Help with sunrise/sunset shot

edited December 2016 Posted in » Nikon D3300 Forum

I bought new D3300, and yesterday I tried capturing a few sunset shots. It was beautiful scenery with a yellow, red and blue sky, but when I captured it, it was giving the shot without the beautiful color effects. Also in the shot, the sun shape was not getting captured. I could see the white-yellow with the sun shape.
I was using A mode with 200 ISO, but no luck. On my earlier DSLR, a D5100, I had sunset and beach mode, which I am missing the most on my D3300.
Please suggest settings for beautiful sunrise/sunset landscape.


  • Gaurav,

    The mode for sunsets is buried in the menu, so it sounds less intuitive than on your older model. If you want to let the camera operate on an automatic setting, go into Guide mode (top wheel), under the "Shoot" menu, there in the Advanced operations is a setting for "capture reds in sunsets."

    That said, manual mode might give you a whole lot more control. :0) If you expose to the sky without the sun included, depress the shutter button to lock the exposure and focus and then reframe to include the sun again, you should get a pretty good exposure.
  • edited December 2016
    Thank you so much. I can see lots more options in guide mode. Thanks again. Hopefully I will be back soon with another query.
  • Sunsets are hard to catch owing to the limited dynamic range without some added processing. If you are metering for the whole scene, it will likely try to overexpose the sunset in order to open up the shadows in the scene below, making the sky dull and the sun blown out. Make sure you meter for the sky and not for the ground. You may be able to open up shadows later if the terrestrial part of your shot is a silhouette you don't want.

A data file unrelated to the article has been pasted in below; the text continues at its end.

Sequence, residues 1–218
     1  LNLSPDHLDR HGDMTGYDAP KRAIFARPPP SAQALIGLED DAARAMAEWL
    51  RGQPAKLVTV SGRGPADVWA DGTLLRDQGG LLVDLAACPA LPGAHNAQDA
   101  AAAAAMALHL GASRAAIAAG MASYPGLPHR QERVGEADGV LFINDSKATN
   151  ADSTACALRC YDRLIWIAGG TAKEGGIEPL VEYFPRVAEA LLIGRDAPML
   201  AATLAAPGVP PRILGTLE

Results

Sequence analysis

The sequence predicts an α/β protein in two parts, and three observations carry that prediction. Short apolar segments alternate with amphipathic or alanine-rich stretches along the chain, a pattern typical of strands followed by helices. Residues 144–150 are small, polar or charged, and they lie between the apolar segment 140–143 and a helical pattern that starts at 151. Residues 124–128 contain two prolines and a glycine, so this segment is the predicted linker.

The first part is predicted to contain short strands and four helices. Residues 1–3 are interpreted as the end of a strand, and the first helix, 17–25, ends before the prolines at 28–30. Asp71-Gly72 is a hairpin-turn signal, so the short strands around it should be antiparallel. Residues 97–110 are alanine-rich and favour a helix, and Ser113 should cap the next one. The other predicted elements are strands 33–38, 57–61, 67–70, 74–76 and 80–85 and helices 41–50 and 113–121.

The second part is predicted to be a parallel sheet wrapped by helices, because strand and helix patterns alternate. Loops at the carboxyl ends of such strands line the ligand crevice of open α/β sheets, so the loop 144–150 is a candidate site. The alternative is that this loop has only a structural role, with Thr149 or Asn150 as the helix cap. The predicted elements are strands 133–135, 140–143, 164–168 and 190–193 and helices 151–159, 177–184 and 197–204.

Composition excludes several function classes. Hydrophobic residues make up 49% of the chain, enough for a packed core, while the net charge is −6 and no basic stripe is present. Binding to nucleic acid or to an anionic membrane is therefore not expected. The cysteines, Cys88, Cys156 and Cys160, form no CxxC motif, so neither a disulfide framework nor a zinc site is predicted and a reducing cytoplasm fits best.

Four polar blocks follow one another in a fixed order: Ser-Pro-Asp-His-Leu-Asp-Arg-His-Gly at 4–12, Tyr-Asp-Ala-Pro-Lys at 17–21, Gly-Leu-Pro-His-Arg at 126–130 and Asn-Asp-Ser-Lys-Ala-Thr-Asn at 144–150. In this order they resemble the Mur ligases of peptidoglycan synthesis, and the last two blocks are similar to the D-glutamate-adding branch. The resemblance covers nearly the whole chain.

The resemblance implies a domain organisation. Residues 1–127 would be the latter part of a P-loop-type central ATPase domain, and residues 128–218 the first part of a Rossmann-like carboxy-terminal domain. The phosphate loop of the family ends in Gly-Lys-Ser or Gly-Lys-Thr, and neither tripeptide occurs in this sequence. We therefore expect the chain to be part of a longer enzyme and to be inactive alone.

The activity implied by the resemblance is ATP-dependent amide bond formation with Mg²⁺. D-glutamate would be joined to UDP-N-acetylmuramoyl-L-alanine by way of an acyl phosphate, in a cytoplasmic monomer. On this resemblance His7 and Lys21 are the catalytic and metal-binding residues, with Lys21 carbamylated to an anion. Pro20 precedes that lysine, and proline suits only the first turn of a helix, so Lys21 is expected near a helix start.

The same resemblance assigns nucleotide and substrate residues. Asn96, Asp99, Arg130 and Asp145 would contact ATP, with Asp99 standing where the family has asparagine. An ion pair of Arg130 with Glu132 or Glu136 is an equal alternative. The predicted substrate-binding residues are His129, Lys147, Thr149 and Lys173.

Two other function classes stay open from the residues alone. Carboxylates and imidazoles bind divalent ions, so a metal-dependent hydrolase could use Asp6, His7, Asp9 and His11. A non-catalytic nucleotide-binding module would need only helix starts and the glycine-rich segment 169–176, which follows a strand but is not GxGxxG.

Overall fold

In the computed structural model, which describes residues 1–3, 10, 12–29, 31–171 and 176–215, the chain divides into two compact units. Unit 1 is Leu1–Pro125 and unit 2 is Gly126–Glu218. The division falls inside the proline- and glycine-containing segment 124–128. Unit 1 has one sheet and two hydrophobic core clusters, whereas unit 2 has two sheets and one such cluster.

It can also help to change your color balance. The automatic white balance tends to be pretty cool, and you may get better looking sunsets with a cloudy or overcast white balance, as well as switching to vivid picture control. All of these things can be done in post if you shoot in Raw form.

    Welliesnbrellas' suggestion to meter and hold the reading is good. You may have to aim both away from the sun and above the ground to bias the exposure best for the sky if there is much foreground in your image. If you're in an experimental mood, you might also try spot metering. Aim the spot meter (corresponding to your AF spot, or to the center if you're using auto area AF) at something in your image that should be at the midrange of brightness (neutral gray or the color equivalent). You can try bracketing exposures if you're not sure. Take one shot at what looks right, and use exposure compensation to go about one stop to either side of that. Remember if you're using manual mode to turn off Auto ISO, or the camera will second-guess your bracketing by changing ISO.
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